That said, I'm not entirely sure Maine's strategy will be effective. As that Guardian article describes (with, full disclosure, lots of quotes from me), this has already been a two-time loser. It generally comes down to cost and enforcement. Most everyone agrees that the idea is good (those willfully cheating customers excepted), but putting a regulatory and enforcement structure in place causes people to balk. A point foes rush to make:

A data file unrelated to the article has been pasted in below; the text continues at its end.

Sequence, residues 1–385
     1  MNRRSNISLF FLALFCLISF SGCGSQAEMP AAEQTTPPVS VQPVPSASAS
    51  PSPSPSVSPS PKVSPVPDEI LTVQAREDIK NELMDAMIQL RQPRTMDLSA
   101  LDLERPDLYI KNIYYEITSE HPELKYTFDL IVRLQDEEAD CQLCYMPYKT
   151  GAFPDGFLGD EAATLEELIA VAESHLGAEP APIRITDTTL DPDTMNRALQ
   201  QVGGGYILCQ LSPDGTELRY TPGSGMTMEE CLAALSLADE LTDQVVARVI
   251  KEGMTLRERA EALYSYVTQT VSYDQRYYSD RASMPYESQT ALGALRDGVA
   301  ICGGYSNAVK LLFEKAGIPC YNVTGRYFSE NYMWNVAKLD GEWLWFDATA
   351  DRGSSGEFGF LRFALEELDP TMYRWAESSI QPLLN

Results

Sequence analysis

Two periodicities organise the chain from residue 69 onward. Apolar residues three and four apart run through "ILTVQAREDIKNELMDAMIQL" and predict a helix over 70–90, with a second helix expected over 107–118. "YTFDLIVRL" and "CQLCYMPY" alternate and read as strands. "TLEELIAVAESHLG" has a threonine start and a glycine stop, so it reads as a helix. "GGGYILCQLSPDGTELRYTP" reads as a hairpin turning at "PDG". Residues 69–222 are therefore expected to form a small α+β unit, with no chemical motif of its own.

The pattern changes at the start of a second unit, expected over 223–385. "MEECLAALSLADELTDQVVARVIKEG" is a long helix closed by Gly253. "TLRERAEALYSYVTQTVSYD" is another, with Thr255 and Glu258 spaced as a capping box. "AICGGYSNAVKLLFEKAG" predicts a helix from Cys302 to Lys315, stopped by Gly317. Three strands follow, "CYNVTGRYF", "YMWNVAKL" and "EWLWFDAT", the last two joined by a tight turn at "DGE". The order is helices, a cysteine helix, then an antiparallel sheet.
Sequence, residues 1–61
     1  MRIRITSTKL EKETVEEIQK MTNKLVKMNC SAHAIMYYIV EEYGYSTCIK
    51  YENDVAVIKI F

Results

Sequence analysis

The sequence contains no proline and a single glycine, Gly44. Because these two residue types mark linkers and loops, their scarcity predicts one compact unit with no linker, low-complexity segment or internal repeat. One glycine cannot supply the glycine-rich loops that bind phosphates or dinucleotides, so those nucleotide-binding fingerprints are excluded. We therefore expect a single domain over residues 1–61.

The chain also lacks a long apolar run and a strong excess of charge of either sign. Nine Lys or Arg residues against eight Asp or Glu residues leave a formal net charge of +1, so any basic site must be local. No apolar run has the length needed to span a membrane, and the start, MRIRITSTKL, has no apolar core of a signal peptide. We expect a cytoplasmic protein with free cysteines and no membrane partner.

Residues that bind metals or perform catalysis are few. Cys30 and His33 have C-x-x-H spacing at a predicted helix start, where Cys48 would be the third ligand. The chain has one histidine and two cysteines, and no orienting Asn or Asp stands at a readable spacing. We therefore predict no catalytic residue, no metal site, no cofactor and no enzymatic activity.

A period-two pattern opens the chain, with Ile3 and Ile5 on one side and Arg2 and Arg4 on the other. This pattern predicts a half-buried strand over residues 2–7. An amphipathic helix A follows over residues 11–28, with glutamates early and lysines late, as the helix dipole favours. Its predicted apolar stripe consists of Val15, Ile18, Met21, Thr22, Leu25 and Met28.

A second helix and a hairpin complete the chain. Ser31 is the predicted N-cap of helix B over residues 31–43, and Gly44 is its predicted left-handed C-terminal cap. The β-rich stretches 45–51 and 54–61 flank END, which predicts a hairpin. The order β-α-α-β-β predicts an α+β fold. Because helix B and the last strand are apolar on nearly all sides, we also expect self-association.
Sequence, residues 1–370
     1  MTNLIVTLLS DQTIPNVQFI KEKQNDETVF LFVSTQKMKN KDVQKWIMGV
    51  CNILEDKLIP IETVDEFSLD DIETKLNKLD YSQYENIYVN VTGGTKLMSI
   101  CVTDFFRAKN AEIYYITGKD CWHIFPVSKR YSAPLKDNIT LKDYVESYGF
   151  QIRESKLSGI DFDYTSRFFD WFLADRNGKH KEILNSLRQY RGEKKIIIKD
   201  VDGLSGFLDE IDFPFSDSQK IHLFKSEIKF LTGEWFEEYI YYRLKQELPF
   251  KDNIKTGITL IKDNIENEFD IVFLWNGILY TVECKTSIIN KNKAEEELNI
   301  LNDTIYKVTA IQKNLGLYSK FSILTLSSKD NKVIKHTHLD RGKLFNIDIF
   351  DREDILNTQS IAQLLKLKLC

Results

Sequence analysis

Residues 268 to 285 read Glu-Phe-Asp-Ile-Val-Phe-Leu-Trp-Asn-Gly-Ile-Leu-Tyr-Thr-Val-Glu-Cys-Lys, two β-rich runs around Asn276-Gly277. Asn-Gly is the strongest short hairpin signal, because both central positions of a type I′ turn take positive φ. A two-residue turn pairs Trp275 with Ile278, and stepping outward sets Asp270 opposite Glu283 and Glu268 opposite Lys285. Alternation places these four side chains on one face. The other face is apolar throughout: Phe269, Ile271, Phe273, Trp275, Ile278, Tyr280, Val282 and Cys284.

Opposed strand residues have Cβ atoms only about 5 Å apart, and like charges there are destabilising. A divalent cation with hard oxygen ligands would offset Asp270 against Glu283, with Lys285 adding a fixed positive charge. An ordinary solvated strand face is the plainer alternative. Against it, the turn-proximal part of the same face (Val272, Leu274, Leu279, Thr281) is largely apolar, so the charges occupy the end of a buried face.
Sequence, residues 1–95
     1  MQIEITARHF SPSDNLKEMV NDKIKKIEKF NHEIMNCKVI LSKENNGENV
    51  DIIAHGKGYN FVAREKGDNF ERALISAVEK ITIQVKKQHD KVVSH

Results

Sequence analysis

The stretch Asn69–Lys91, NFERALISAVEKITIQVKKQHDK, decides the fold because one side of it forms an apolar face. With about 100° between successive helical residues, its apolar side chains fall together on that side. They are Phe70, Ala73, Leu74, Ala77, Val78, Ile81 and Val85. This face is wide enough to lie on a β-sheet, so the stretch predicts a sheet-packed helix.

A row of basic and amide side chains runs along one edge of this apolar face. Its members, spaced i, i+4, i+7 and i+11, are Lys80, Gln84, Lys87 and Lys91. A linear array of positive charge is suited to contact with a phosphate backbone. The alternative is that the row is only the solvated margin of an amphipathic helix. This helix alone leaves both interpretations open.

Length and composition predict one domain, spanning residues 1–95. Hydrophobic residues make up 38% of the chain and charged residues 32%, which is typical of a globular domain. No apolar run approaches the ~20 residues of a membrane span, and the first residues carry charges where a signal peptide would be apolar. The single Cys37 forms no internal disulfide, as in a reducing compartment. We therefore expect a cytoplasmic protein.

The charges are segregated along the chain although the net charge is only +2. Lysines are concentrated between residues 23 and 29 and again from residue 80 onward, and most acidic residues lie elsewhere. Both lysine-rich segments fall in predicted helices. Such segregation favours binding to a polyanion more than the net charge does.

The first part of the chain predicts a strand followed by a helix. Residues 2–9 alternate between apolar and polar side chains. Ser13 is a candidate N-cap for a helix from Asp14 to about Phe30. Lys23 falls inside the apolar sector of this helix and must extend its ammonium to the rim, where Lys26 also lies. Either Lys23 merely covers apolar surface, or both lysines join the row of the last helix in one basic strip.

It was a point echoed by Sean Sullivan of the Maine Brewers' Guild. "We believe that crafting a beer-specific bill, targeting something that is already illegal, and shifting enforcement responsibilities to our already-overburdened liquor enforcement officials, would not be useful," Sullivan said.I'm not actually convinced this is a legitimate argument (foes are never disinterested bystanders), but it does appear to be an effective one. Somehow the burden does not overwhelm the governments in Germany, the Czech Republic, and the UK. The bill is completely vestigial now, and with public policy, the devil is always in the small print. If they do pull it off, it could be a beachhead for future legislation. Godspeed, Mainers, may you go where no Americans have gone before!